Girard used a number of reference photos in the book, here adapting images shot by Dominique Issermann. by the Forward

He drew Leonard Cohen’s life, death and underwear

What did Leonard Cohen see at the moment of his death?

No one can say for sure. But it’s possible he was thinking about the time he found his childhood dog dead beneath a neighbor’s porch. Or his cameo on “Miami Vice.” Or his final recording session with his son, Adam. There was a lot of life to reflect on.

Philippe Girard’s new graphic novel “Leonard Cohen: On a Wire,” originally in French and now in English translation, imagines the late poet and musician’s thoughts during his dying minutes. Yet, despite this framing device, and Cohen’s own preoccupation with death, the book isn’t an elegy but a celebration. Moving at a breakneck pace, Girard offers a portrait of the artist as a young and not-so-young man, drawing on Cohen’s creative inspirations, frustrations and personal tragedies.

Cohen’s meetings with muses and record executives — and a homicidal Phil Spector — are complemented by snapshots of his 1973 visit to Israel during the Yom Kippur War and his life on Mt. Baldy and his marriage to Suzanne Elrod. Drawn simply but expressively, this Cohen delivers arch bon mots, wryly lamenting his lack of success and, finally, finding himself humbled by late accolades.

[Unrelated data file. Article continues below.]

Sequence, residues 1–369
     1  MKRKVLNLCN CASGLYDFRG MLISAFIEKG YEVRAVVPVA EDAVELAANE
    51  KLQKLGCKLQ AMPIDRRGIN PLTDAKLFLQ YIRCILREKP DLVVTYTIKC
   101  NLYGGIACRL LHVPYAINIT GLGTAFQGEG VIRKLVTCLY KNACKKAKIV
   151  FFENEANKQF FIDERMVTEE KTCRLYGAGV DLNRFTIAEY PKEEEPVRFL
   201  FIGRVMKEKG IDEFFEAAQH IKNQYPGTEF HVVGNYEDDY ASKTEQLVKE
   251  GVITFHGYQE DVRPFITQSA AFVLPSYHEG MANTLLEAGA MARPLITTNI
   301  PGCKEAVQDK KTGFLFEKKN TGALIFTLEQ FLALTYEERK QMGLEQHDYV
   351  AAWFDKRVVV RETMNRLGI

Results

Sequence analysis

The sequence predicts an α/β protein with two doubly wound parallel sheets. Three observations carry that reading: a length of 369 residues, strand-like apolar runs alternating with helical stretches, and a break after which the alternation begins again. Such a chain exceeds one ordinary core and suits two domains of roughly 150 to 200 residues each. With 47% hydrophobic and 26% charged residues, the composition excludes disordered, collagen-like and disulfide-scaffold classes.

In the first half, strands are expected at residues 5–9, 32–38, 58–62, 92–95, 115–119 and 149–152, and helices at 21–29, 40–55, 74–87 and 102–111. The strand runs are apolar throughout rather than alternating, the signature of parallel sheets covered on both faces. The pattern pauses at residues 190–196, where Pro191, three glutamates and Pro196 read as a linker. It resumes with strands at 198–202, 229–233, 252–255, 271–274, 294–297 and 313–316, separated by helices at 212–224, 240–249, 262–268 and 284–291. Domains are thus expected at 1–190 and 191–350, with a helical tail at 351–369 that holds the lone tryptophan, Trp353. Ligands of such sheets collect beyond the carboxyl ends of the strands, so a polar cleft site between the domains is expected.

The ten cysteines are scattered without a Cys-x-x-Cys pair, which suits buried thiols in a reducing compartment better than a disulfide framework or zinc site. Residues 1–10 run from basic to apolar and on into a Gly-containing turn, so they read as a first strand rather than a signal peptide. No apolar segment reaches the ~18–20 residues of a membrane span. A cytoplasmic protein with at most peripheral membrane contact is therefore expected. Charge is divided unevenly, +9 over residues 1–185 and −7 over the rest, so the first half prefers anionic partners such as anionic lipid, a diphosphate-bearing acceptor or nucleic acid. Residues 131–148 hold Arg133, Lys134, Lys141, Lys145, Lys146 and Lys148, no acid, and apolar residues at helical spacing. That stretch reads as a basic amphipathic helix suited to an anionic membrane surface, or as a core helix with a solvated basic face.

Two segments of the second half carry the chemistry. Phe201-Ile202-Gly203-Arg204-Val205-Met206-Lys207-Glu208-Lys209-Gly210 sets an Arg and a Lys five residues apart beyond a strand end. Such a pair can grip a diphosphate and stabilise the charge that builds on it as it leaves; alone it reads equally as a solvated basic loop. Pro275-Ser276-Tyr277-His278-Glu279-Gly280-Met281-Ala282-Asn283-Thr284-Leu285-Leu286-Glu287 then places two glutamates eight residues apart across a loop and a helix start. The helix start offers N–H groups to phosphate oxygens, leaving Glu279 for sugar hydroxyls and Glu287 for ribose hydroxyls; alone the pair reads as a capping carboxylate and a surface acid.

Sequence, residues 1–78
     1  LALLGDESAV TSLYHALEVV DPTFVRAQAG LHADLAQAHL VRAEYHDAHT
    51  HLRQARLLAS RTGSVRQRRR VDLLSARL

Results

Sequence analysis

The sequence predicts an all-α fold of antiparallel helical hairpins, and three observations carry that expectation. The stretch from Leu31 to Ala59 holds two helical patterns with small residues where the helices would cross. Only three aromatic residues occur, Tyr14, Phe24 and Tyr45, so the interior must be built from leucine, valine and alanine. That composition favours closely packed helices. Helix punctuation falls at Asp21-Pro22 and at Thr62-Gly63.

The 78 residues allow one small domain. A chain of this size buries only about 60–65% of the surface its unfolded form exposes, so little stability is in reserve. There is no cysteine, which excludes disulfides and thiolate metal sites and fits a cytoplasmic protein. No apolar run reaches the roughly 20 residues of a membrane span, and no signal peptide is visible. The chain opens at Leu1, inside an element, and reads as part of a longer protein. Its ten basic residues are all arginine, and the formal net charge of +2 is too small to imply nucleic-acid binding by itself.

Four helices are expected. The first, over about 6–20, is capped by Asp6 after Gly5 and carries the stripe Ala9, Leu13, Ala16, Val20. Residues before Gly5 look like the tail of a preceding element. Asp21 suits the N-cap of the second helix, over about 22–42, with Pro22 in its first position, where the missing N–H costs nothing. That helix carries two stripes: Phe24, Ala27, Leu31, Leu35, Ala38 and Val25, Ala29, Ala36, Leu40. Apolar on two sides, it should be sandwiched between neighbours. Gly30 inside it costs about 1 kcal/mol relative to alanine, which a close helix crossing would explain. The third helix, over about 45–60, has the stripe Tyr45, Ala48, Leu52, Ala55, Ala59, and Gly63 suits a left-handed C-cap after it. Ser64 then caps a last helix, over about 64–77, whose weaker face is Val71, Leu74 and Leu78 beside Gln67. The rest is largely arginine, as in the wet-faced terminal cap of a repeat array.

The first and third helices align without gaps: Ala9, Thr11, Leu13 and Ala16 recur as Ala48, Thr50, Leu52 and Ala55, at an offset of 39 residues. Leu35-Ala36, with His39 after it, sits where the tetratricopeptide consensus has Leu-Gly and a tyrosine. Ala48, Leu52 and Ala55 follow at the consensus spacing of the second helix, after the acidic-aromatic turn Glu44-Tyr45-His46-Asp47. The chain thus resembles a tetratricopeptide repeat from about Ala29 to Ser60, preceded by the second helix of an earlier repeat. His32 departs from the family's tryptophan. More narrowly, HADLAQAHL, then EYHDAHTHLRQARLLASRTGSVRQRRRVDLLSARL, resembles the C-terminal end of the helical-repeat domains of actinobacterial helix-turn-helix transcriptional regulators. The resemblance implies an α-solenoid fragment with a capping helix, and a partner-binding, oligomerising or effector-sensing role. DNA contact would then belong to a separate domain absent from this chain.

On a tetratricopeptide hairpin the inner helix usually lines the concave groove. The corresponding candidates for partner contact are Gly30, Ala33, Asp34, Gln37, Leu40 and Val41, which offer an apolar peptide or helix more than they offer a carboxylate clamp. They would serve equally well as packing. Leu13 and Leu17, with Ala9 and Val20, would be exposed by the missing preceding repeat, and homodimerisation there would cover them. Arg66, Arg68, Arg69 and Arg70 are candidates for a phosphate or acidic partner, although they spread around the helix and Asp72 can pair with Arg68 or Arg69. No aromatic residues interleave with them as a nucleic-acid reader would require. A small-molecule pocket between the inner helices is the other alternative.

Girard, the author of over a dozen graphic novels and comics, witnessed one belated appreciation of Cohen during a concert in Quebec City in 2012.

“After I think three songs, he stopped the show and said, ‘If I knew you’d love me that much, I would have come sooner,’” Girard recalled. “It was a bit of a shock for me. I realized that maybe he had suffered a loss of affection from his own people.”

Cohen’s words kickstarted Girard’s interest in him as an artist whose work often went unheralded or, in the case of his biggest hit, “Hallelujah,” became successful on someone else’s terms. Girard devoured every book and interview he could find on the late Bard of Westmount, and, while he makes no claim to anything definitive, he hopes “his Leonard” comes close to the truth. Ultimately though, he just hopes his graphic novel gets people to go back to their turntables and spin “The Future” (his favorite album, at least this week).

I spoke with Girard over Zoom about his process, drawing Leonard Cohen in his underwear and why his book is structured like a Star of David. The following conversation has been edited for length and clarity.

PJ Grisar: Can you tell me a bit about your connection to Cohen?

Philippe Girard: I’m from Quebec City, so maybe I came a bit late in the game as far as Cohen is involved. I saw him only once in a show — it was in 2012. I began to think about him probably somewhere around these days. Of course I had the records. I really love his music. But the guy was a bit of a mystery for me. I didn’t know much about his private life.

Did your research lead you to write the book or did you get the idea first?